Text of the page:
Max Kepler, Jorge Polanco homer as Twins stop White Sox 7-2

Phil Miller, Star Tribune on

Published in Baseball

CHICAGO — Max Kepler's home run bumped the right-field foul pole a few yards above the outfield fence, about as close as you can come to a simple foul ball.

Jorge Polanco's homer went farther but had just as unique a finish: It was caught. By Tyler Duffey. As he warmed up in the Twins' bullpen.

There are all kinds of ways to hit home runs, but they all count, and the Twins are happy their knock-'em-deep swings are coming back. After managing only one long ball in Detroit over the weekend, the Twins bashed eight in four games here, two in the finale, and they defeated the White Sox 7-2 at Guaranteed Rate Field on Wednesday night.

Kepler and Polanco went deep during Tuesday's loss, too, as did Josh Donaldson, a needed power boost as the injuries keep piling up in Minnesota. And while Donaldson didn't hit another on Wednesday, he delivered a two-out single that scored Polanco and Nelson Cruz, breaking what was a 1-1 tie in the fifth inning.

The support was a welcome trend for Michael Pineda, the righthander who had not pitched in two weeks after a disappointing return from the injured list. This time, he was far sharper than that five-runs-in-five-innings start at home against the White Sox, though manager Rocco Baldelli chose not to extend him past five innings again.

The Twins' six runs, though, marked only the third time they had scored more than four in a Pineda start, one of the reasons that the veteran righthander is only 3-5 with a 4.11 ERA this year.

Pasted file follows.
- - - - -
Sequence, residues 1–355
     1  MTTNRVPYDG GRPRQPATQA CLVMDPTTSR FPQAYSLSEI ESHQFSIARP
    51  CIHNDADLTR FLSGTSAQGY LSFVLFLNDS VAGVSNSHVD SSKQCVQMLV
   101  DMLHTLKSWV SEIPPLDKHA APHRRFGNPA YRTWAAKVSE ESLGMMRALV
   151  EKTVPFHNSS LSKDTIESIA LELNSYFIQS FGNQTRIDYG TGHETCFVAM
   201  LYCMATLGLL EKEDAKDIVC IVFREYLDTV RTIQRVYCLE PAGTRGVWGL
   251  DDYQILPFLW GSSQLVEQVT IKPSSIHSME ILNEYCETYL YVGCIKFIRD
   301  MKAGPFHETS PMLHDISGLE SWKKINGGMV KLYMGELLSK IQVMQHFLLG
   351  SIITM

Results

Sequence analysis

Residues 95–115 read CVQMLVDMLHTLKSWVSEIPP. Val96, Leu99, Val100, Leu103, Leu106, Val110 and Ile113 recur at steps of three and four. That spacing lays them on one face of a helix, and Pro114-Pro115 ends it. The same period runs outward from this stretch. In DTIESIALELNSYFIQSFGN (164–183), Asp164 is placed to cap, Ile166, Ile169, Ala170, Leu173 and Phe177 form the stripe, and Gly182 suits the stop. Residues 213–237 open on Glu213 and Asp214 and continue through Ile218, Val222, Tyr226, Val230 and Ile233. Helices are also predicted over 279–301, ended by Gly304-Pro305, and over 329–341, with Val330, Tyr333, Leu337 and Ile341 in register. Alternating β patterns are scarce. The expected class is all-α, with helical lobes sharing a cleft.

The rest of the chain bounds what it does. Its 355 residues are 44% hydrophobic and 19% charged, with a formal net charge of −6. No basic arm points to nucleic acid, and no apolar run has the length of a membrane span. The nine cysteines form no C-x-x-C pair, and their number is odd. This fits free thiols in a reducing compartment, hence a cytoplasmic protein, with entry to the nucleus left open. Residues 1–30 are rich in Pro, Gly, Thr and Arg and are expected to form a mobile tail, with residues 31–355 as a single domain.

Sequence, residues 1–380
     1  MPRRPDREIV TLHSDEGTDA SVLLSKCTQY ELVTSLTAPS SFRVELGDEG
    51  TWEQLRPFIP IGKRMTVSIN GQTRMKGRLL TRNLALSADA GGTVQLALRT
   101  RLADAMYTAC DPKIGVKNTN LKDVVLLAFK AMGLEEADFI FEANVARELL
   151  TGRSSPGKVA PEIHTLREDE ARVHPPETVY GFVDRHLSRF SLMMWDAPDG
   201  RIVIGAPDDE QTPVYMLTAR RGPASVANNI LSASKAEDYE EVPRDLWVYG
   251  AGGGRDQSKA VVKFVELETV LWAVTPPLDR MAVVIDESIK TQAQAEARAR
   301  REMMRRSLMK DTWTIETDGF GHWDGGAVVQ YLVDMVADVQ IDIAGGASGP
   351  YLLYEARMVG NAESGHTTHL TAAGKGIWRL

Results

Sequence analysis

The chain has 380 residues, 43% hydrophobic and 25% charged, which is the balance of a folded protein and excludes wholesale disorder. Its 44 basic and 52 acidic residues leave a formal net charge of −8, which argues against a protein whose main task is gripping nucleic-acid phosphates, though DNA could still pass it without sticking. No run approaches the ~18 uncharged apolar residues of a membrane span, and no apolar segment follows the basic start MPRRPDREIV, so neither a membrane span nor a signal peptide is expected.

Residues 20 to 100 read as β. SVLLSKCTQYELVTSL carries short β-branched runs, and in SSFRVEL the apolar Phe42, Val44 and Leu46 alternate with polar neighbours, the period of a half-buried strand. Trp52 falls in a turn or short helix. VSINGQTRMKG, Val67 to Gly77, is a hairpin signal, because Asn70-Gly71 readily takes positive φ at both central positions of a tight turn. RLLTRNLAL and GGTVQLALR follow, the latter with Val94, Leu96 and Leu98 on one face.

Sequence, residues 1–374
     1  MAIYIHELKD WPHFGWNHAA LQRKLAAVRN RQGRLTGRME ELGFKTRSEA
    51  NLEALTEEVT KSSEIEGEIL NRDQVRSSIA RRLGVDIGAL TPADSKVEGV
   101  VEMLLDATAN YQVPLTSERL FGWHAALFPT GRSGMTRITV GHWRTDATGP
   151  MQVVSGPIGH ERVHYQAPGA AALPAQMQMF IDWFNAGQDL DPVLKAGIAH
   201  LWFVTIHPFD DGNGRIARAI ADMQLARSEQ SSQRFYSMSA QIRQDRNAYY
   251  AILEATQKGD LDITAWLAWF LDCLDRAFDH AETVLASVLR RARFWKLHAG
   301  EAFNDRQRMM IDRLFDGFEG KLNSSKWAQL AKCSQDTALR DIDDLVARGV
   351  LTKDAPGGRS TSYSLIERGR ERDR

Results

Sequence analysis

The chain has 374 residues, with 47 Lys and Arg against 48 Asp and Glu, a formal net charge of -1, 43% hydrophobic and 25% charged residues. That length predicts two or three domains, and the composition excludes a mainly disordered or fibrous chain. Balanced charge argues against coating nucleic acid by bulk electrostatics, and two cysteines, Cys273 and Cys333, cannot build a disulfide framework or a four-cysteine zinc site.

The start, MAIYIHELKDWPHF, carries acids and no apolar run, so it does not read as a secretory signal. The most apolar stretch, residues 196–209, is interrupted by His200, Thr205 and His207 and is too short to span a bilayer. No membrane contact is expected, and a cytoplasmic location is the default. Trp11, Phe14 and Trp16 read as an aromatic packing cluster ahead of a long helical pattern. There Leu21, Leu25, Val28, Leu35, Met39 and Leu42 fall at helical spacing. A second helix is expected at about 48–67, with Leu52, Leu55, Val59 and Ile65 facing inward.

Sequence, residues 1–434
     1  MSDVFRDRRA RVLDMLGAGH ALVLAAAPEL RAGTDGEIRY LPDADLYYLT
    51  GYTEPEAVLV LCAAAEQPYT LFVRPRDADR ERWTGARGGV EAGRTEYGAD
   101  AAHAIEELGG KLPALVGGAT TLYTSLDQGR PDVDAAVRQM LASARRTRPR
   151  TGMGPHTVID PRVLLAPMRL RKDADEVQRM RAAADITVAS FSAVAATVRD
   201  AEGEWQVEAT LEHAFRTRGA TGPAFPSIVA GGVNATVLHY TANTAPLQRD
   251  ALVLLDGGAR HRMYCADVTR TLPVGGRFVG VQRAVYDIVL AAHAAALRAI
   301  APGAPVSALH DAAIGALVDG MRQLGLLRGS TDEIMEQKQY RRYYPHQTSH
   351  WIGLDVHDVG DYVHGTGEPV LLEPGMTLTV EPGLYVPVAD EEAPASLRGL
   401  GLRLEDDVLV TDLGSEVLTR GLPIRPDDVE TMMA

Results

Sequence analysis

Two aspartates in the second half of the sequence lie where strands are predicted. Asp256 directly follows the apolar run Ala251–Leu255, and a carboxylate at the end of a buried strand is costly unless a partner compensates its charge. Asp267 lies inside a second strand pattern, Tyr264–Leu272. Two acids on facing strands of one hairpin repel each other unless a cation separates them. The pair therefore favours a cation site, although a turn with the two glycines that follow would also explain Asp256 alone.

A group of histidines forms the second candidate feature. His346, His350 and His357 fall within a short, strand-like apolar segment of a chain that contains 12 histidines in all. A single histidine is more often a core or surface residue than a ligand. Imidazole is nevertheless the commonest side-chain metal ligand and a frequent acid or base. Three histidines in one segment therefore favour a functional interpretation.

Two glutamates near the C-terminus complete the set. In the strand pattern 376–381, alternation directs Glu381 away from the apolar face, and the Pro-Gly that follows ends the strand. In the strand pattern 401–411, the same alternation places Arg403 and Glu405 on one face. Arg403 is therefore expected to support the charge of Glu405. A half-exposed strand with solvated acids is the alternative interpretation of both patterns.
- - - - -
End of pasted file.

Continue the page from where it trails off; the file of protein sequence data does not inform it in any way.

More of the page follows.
Pineda allowed four hits in five innings, and while three of them were doubles, he twice worked out of trouble. The third time? A ground ball that deflected off Donaldson's glove allowed Billy Hamilton to score. But a double play — one of three turned by the Twins in the first seven innings — ended that threat.

In all, Pineda allowed four hits and only one run while striking out three and walking only one, the big right-hander's most effective, albeit short, start since May 26, before he began feeling tightness in his forearm.

The Twins had far more luck against Chicago right-hander Dylan Cease, putting runners in scoring position in four of his five innings. Kepler's solo homer, a pole-scraper to lead off the third inning, was the game's first run, and a two-out rally — a single by Polanco, a ground-rule double by Nelson Cruz and Donaldson's two-run single up the middle — gave the Twins the lead for good.

An inning later, the first two Twins went out quickly again, but they still managed to add to their lead. Andrelton Simmons hit a sinking liner to center for a single, Kepler drew a walk on a 3-2 pitch, and Polanco, after working the count to 3-0, slugged a 95-mph sinker into the Twins' bullpen, where Duffey waited under it.

The Twins come home after a road trip that began with three losses in Detroit and two in the first three games in Chicago. They'll play four games against the Angels at Target Field, followed by three with the Tigers.

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